Looking After the Home Now That the Rain is Back
It’s been a beautiful summer here in the United Kingdom. Weeks of sun and gloriously hot weather – admittedly, maybe a little too hot at times – have given us a record-breaking summer. Alas, all good things do come to an end and the rain has returned.
It’s not all bad, however, because now gardens and public parks actually have green grass once more, as opposed to the dying yellow blades that covered the nation. Of course, that does mean we have to dust off the lawnmower as the lawn is growing again – it was nice not having to cut the grass, but it does look better.
With the return of the rain, mowing the lawn isn’t the only job we have to keep our homes looking homely. The turn of the weather can be a nuisance to those of us who want to keep a tidy home.
Only weeks after tossing and turning in bed for hours because you couldn’t sleep due to the unbearable heat, the prospect of turning the heating back on sounds ludicrous, I know. Once we hit the autumn months, however, it doesn’t take long for the temperature to plummet and you will be desperate for your home’s heaters to be keeping you warm.
The change in the weather can also be to blame for unwanted colds and sniffles, with our bodies and immune systems used to a warmer climate. If you are the sort that tries to make do without putting the heating on until you absolutely have to, you could be in for one or two bouts of the sniffles.
Damp in the Home
Damp can rear its ugly head at any time of the year, but it goes without saying that it is much more common an issue in autumn and winter. When the weather becomes colder, we are less likely to open up windows in the home, but this is essential for allowing moisture in the air to ventilate.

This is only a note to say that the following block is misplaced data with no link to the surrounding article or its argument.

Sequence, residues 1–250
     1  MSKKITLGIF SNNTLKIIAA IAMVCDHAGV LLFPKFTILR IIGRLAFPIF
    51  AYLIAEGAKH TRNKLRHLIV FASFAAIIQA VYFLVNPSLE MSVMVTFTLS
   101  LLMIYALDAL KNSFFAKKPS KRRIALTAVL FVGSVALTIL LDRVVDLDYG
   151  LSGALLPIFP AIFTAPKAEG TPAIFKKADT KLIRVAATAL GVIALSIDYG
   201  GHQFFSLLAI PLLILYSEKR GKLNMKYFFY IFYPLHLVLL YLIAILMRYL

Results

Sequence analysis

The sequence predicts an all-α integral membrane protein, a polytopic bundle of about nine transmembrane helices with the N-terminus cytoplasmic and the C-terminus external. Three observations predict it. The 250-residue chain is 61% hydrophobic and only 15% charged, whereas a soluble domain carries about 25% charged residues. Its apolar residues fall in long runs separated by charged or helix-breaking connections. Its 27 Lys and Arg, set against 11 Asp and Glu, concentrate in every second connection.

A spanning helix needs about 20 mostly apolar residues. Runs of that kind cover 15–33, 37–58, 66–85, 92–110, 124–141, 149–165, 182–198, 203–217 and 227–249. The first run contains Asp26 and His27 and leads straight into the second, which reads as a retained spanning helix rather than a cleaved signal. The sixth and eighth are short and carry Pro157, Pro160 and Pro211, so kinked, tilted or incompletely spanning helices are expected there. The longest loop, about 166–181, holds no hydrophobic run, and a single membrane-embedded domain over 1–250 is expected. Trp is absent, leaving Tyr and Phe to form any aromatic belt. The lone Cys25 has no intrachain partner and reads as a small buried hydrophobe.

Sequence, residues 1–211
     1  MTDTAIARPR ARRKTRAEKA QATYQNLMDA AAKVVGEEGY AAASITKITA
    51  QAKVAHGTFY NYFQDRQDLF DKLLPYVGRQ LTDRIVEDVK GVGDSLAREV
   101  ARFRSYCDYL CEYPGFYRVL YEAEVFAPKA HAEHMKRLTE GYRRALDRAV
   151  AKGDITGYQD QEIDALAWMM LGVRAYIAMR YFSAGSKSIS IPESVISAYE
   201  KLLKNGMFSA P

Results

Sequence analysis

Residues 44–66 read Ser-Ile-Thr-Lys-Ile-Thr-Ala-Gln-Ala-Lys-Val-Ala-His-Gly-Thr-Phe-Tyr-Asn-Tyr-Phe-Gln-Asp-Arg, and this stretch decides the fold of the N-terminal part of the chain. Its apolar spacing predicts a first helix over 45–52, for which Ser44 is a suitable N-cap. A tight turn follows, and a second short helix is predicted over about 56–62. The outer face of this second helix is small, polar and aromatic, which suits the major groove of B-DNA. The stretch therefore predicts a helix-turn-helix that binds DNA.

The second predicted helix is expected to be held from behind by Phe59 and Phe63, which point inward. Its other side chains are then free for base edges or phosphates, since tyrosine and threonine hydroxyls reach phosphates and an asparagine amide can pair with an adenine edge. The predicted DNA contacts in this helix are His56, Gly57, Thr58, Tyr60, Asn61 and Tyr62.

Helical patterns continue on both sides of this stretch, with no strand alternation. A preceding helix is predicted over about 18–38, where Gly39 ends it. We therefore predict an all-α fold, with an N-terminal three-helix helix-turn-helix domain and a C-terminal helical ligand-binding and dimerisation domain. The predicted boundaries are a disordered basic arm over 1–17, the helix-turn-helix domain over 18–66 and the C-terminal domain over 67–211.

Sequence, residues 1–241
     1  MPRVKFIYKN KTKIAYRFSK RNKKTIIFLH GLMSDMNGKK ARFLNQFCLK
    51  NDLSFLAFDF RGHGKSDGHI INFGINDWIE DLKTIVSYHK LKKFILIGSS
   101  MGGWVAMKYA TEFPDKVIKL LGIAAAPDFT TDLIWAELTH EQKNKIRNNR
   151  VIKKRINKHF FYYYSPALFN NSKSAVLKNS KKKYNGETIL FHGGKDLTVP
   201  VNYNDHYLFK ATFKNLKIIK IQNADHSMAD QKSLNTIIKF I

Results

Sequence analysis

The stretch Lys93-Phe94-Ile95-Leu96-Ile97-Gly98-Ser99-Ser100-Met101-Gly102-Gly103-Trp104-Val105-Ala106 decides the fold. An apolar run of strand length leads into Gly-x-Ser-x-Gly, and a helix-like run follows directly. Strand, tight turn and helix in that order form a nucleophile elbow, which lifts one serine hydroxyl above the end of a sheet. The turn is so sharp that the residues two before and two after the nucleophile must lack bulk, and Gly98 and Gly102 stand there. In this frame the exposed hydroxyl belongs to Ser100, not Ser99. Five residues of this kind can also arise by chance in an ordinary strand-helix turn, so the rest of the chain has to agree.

If you don’t open up windows – especially in rooms such as the bathroom and kitchen where there is running water – you are increasing the chances of mould spores forming on walls and window sills. As well as condensation, damp timber in the home can be a breeding ground for parasites such as woodworm that can require treatment in order to remove.
Top tip – if you notice small holes in wood and/or sawdust on the floor, this is a sign of a woodworm infestation in the home and should be given immediate attention.
Interior and Exterior Lighting
You may have already noticed the nights becoming darker earlier and earlier. Soon, it will be dark when you leave for work in the morning and head home at night, so it is important that our homes are well lit, and not just on the inside.
The dark is the opportunist’s playground, where creepers will lurk in search of any opportunity to break into the home and come away with your precious valuable. The number one priority of any burglar is not to be seen by 1. the homeowner and 2. anyone in the neighbourhood. If the outside of your home doesn’t already have a security light, then make sure to get one, because all that it can take to ward off thieves is a bright light, illuminating both the home and themselves to the neighbours.
Inside the home, you will be relying on artificial lighting a lot more during the autumn and winter with no natural sunlight in the evenings. This means that you may notice the difference when the energy bill comes through your door (or in your inbox, as is the case in 2018). If you are smart, though, and invest in energy-saving bulbs, your home will be illuminated for a fraction of the cost.
Yes, it is sad that summer is almost over, but there is still a lot to look forward to this year. With Halloween, Bonfire Night and Christmas all coming in the next few months, there simply isn’t enough time to miss the sun!
This is a collaborative post.
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